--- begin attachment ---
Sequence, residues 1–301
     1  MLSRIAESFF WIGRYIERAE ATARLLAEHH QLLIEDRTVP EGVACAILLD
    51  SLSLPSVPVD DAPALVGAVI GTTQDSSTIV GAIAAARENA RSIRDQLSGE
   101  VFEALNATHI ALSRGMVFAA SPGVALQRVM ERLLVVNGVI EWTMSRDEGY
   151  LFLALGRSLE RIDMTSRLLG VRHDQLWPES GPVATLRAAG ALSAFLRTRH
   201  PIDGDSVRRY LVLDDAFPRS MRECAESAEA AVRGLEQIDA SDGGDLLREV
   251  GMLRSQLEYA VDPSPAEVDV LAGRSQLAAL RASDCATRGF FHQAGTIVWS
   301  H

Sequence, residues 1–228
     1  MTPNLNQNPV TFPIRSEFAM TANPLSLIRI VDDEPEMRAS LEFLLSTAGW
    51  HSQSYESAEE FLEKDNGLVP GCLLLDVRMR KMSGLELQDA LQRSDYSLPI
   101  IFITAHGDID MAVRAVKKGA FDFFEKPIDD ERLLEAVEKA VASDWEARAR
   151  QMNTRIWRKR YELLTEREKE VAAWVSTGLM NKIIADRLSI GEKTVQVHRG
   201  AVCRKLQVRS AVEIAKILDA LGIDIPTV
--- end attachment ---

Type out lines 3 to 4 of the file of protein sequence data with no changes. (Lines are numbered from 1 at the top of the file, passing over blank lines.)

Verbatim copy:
    51  SLSLPSVPVD DAPALVGAVI GTTQDSSTIV GAIAAARENA RSIRDQLSGE
   101  VFEALNATHI ALSRGMVFAA SPGVALQRVM ERLLVVNGVI EWTMSRDEGY